Why include more movement into the school day? For starters, the answer includes an appreciation for the many ways that students – and everyone – can benefit from physical activity beyond just the oft-cited physical health benefits (which remain important, of course). The truth is, through almost any lens – whether it be physical health, cognitive functioning and learning, self-regulation, building community in the classroom and social skills development, developing physical literacy, or increasing levels of student engagement in learning – movement can help. 

Progress in each of these above-mentioned areas contributes to overall student success. Here are some examples of ways that schools are using movement to benefit students in each of these areas (as well accompanying resources). Keep in mind that these movement initiatives can happen at different times throughout the school day and in different spaces all over the school, including the schoolyard, classrooms, hallways, the gymnasium, and many other innovative spaces:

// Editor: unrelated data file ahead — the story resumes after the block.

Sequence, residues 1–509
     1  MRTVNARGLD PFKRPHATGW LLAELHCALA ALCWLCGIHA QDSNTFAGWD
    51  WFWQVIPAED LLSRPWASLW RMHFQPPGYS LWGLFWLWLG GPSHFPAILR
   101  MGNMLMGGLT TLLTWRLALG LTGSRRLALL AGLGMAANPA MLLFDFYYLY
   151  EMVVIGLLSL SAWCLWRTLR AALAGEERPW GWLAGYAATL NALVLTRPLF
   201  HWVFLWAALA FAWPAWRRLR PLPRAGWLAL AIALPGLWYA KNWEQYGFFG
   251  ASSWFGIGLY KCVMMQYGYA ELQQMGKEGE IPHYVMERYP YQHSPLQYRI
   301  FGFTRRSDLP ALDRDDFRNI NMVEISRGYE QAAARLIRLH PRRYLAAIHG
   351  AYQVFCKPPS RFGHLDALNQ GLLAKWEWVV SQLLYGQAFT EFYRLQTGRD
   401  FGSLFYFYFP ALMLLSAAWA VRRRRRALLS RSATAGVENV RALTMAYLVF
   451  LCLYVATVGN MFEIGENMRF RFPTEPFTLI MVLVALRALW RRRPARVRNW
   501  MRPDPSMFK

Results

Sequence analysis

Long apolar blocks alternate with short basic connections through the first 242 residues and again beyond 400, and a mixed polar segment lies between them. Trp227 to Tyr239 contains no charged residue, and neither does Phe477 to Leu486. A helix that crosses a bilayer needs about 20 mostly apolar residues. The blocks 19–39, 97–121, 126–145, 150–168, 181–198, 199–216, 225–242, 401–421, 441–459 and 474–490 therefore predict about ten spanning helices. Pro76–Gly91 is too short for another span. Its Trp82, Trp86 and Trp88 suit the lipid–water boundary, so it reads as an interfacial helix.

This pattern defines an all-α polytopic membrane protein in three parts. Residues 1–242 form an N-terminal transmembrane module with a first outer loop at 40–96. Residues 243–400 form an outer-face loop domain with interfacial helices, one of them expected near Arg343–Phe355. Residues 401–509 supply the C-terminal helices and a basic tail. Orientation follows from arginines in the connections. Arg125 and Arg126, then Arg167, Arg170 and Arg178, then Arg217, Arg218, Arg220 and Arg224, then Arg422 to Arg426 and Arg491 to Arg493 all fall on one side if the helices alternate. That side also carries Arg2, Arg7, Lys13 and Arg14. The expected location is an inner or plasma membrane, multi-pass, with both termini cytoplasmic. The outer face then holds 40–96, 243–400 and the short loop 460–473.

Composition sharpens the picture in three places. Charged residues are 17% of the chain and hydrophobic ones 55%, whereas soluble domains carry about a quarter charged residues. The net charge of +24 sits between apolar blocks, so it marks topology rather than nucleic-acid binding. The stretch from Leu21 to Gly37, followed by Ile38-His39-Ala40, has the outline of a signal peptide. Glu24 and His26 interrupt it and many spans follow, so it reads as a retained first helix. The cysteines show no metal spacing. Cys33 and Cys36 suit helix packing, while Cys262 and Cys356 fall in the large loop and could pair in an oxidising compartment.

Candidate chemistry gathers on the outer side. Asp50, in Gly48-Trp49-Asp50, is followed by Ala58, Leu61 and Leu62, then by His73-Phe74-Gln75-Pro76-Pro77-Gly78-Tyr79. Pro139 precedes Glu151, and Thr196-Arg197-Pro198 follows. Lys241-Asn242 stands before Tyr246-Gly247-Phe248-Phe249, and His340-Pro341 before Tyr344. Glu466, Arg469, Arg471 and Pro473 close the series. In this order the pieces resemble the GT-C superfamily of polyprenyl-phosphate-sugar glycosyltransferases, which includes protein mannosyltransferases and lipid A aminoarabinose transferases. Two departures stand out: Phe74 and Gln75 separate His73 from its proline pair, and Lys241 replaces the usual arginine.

Physical Health: 15-minute periods of school-wide moderate-to-vigorous physical activity each morning benefits cognitive functioning as well as physical health. Maximizing physical activity levels (and harmony) in the schoolyard is a focal point for many schools; between recess and lunch hour, the schoolyard is the place where over half of the active minutes at school will happen for most students. See Ma Cour, Un Monde de Plaisir , a comprehensive multi-step guide for analyzing and organizing school yards (english electronic version here).  This is naturally accompanied by ensuring that recess time is a priority- see this 2017 Quebec publication The Essential Role of Recess in Children’s School Success and Health. Ensuring that students receive the minimum of 120 minutes of Physical Education and Health per week in an active setting and taught by a specialist is essential, as is ensuring that the Physical Education and Health program at the school is well supported (in terms of scheduling, funding, support for extra-curricular initiatives, not having a culture where students miss PE to make up work in other classes, etc.). Having more students walk to school through active transport initiatives (see Trottibus or the On Your Feet challenge) is a way that many schools build community while supporting the physical health of students. Given the number of hours and times-of-day that students spend in daycare, ensuring opportunities for physical activity during school-based daycare hours is also key. See the My Daycare is Physically Active/ Mon service de garde physiquement actif project. This project saw the creation of a series of six workshops for daycare educators to support the planning and inclusion of more physical activities into daycare programs (workshops among other topics address the supervision of physical activity- e.g. managing space, transitions, equipment, making teams, working with highly competitive students, safety considerations etc.-  both in the gym, classroom spaces and winter/summer play outdoors). This resource is currently in the final stages of being reviewed for sharing province-wide.